Long Island classrooms were filled with lessons of love this month, as Valentine’s Day spurred projects and activities focused on the value and importance of compassion.
In East Meadow, third-grade students at Bowling Green Elementary School created more than 100 animal-shaped cards with poems for kids at Stony Brook University Hospital. The project was inspired by the story of Stony Brook doctors who reconstructed the face of Dunia Sibomana, a boy from the Democratic Republic of Congo who was attacked and disfigured by chimpanzees two years ago.
“I was excited to make these, because the children at Stony Brook are sad and these Valentines will cheer them up,” third-grader Heer Mehta said.
In Carle Place, the high school’s SPARC/Interact Club put together gift packages for military veterans in the Northport Veterans Affairs Medical Center that included crossword puzzles and magnifying glasses. The effort was inspired by Marine Cpl. John Fretz, a Mineola teacher who met with the club to share his stories of service.
Third-graders at Birch Elementary School in Merrick also showed appreciation for those in the armed forces by creating 70 cards with personalized messages as part of a “Valentine’s for Vets” program, sponsored by Town of Hempstead Councilwoman Erin King Sweeney.
“We have family members who have served, and we feel supporting military and veterans is an important part of our community,” Birch Elementary third-grade teacher Linda Ronayne said.
Syosset High School students were treated to a “super” guest last month: alumnus Ed Newman, a Woodbury native who played in three Super Bowls with the Miami Dolphins — including their championship season in 1973.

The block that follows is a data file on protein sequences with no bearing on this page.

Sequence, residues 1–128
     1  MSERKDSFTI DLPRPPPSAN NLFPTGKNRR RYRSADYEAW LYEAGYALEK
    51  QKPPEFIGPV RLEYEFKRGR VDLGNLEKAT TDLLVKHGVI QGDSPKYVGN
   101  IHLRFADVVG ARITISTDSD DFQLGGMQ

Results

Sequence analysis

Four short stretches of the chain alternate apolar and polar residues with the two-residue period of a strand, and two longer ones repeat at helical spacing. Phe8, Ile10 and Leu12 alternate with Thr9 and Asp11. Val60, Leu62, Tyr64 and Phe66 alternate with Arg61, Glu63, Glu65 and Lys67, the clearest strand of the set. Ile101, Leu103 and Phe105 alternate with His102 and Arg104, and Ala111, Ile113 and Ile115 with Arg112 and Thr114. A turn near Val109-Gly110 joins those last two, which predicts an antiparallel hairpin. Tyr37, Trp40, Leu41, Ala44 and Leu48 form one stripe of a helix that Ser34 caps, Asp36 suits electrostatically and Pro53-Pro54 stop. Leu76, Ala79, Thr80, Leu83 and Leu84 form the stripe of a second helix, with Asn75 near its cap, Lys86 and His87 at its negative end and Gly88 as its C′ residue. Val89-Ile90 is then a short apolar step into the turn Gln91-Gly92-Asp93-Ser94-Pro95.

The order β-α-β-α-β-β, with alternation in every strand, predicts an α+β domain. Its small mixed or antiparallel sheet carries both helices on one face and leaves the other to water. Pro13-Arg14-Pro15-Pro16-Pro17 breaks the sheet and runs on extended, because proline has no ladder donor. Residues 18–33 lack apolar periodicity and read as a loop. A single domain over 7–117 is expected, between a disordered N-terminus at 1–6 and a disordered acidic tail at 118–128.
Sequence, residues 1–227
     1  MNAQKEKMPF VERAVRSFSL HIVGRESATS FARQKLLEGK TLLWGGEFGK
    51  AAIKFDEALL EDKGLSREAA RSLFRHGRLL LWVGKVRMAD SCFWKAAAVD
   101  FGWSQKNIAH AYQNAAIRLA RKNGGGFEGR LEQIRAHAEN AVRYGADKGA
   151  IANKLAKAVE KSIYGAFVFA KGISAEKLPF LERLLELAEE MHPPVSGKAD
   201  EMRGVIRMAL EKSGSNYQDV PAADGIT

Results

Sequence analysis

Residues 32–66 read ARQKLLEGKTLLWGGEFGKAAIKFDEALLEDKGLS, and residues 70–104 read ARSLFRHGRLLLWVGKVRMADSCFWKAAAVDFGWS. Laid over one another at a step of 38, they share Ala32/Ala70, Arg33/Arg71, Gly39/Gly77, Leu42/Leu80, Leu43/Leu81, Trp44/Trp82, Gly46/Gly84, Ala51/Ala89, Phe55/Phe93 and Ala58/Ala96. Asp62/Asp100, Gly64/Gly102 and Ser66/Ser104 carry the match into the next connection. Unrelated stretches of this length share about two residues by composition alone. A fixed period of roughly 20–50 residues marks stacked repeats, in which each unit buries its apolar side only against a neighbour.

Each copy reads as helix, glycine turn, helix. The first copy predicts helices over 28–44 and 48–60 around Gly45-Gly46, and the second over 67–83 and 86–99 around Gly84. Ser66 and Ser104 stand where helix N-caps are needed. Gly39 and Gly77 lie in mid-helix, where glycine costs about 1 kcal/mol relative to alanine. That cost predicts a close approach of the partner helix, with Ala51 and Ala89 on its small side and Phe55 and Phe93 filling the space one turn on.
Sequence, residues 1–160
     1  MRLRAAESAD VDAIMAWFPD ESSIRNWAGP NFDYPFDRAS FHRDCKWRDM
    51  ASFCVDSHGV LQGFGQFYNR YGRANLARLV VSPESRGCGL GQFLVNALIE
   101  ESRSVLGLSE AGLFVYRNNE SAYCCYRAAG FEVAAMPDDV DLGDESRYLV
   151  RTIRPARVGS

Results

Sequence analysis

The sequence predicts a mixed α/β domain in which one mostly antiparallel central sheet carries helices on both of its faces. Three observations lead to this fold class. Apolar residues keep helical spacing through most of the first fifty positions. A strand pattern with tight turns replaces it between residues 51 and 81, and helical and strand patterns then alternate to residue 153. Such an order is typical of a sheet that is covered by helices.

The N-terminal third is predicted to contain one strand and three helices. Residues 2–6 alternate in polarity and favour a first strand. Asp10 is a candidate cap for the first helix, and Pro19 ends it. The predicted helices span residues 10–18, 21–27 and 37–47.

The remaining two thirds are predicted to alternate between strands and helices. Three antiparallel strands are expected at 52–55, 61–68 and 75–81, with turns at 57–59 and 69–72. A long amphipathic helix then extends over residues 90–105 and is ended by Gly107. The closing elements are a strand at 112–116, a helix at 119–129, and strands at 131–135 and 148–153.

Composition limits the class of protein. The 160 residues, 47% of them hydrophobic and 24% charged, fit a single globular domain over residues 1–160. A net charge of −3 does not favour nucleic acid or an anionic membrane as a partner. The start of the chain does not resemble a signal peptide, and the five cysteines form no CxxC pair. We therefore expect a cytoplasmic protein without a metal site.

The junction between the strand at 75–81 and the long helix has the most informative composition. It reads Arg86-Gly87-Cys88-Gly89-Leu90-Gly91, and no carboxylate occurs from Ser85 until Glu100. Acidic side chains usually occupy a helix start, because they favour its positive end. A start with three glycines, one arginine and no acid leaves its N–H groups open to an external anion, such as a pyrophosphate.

Newman presented the school with a commemorative gold-colored NFL football in honor of Super Bowl 50, which now is on display in the athletic wing. He also spoke to the varsity football and wrestling teams about his time on those squads in the 1960s, as well as his post-football career as an attorney and county court judge in Florida.
“The lessons I learned here have brought me to where I am in life,” Newman said.
Brenda Triplett has been named principal of Northwest Elementary School, effective Feb. 22. She will replace Vincent Todisco, who left to take a teaching position in Manhattan.
Triplett most recently was assistant principal of Smith Street Elementary School in Uniondale, a post she held since 2008. She also was summer school principal for Uniondale’s sixth-grade enrichment program and project director of its Safe Schools/Healthy Students initiative.
“It takes vested villagers, not a village, to create scholars,” Triplett said. “I intend to work tirelessly to cultivate true partnerships with teachers, parents and the school community.”
More than 40 local robotics teams came together at Stony Brook University for the kickoff of this year’s FIRST Robotics Competition.
This year’s theme, “Stronghold,” is based on medieval battle-strategy games and challenges teams to raid opponents’ defenses and overtake a tower. FIRST, an acronym, stands for “For Inspiration and Recognition of Science and Technology.”
During last month’s event, more than 3,000 teams worldwide received competition details and a look at the game field, as well as a sample kit of parts to build their robots, via NASA satellite transmission from FIRST headquarters in New Hampshire.
The Long Island regional competition is scheduled March 31-April 2 at Hofstra University, with some teams advancing to the world-level contest in St. Louis, slated for April 27-30.